The Government will lift all remaining COVID-19 imposed restrictions from 13 February 2023 as it revises Singapore’s DORCSON level to green.
This includes the cessation of mask-wearing while commuting via public transportation or in healthcare settings, TraceTogether and other SafeEntry procedures, healthcare protocols 1-2-3, and border measures.
Deputy Prime Minister Lawrence Wong made the announcement during the COVID-19 Multi-Ministry Taskforce (MTF) press conference on 9 February 2023 at the National Press Centre.
“Having reviewed the situation carefully, we have assessed that it is time to step down the remaining measures in Singapore and establish an endemic COVID-19 new norm,” said Mr Wong, who is also the Co-Chair of the MTF.
With the lifting of the restrictions, the MTF panel will be standing down, and the Ministry of Health (MOH) will assume the management of the COVID-19 situation.
Singapore went into heightened alert in February 2020 when the Government announced that the DORSCON level was to be raised to orange. The DORSCON level was adjusted to yellow in August 2022 and has remained to date.
Mr Wong thanked the nation for its support in the fight against COVID-19.
“A big thank you to also everyone involved in the fight against COVID, including our public servants, our partners and the people in the private sectors, the unions and workers across all fields - including members of the media, as well as the many unsung heroes who have helped us get through the last three years,” he shared.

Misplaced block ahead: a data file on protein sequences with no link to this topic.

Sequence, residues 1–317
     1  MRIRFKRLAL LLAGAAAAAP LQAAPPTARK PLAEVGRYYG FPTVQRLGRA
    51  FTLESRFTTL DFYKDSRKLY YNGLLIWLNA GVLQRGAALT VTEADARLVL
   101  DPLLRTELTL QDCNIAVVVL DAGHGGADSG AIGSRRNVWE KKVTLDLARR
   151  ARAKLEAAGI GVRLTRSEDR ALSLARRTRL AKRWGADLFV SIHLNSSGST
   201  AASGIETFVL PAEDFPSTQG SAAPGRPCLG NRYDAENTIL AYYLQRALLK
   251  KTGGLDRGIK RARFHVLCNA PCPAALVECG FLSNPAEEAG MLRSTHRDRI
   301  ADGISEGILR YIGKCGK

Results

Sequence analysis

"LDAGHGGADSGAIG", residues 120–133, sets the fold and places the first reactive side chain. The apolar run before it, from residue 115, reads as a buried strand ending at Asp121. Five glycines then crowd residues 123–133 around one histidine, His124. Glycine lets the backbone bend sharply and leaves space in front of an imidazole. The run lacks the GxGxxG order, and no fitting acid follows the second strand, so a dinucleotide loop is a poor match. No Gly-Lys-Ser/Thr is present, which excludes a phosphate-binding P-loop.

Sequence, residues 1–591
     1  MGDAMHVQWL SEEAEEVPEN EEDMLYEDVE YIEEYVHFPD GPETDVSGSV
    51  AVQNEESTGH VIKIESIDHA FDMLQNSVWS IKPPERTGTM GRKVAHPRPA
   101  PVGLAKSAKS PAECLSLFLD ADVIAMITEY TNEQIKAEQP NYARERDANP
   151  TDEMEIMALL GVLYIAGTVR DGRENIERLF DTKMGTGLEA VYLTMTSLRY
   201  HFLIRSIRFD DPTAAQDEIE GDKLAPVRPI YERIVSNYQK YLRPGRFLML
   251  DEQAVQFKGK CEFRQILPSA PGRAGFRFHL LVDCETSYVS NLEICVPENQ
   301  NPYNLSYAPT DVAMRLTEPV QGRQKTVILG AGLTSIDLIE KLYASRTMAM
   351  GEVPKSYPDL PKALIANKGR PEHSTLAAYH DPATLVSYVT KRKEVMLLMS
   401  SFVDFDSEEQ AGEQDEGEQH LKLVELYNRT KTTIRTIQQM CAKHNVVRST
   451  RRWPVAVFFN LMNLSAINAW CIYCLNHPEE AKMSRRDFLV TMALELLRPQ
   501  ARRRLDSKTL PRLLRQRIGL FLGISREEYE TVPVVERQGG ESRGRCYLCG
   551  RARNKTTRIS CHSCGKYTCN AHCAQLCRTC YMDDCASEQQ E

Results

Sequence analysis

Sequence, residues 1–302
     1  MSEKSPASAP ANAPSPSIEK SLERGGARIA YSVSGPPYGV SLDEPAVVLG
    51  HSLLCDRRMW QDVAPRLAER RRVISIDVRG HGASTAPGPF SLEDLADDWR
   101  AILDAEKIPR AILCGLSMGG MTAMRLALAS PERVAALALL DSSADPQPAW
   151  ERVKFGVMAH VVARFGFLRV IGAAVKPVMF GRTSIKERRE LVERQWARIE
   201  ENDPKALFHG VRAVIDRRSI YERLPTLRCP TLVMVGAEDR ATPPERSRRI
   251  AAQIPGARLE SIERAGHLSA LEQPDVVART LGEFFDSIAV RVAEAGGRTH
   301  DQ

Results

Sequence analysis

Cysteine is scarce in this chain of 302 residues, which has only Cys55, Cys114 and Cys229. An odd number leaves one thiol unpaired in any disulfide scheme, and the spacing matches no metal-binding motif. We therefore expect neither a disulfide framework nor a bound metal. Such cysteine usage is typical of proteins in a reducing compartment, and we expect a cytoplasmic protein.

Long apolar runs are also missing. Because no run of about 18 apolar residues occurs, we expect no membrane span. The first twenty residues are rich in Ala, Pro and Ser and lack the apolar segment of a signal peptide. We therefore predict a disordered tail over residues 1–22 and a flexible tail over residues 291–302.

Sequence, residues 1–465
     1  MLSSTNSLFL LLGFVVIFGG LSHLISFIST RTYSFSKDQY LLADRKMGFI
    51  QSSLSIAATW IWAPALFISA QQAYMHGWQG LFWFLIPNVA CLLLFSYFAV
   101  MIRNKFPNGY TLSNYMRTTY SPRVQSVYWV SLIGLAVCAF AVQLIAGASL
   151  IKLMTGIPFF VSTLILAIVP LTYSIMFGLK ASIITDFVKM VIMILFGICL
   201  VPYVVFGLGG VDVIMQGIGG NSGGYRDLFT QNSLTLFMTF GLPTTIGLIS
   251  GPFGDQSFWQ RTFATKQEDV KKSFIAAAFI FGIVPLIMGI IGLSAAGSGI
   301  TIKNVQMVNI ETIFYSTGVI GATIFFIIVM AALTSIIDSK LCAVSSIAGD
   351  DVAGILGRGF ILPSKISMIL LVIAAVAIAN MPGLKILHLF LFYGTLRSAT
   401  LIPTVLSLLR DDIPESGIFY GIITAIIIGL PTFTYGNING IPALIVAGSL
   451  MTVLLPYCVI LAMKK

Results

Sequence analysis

In January 2023, the daily number of COVID-19-related hospitalisations stayed below 100. The number of daily COVID-19 cases requiring intensive care remains in the single digits.
MOH said that Singapore’s population currently has a high level of hybrid immunity and is well protected from severe COVID-19.
“Around 80 per cent of our population have achieved minimum protection, and around half are up to date with their vaccinations,” the ministry shared in a press release.
MOH added that most patients have recovered from infections during previous COVID-19 waves.
Today, COVID-19 infections leading to severe illness or death have become comparable to other endemic respiratory diseases, such as influenza or pneumococcal infections, added MOH.
While mask-wearing on public transport and indoor healthcare and residential care settings will no longer be required, MOH will retain the practice of mask-wearing for visitors, staff and patients in healthcare and residential care settings.
This applies to scenarios where there is interaction with patients and in indoor patient-facing areas.
Mask wearing in healthcare settings will be a MOH requirement moving forward rather than mandated measure.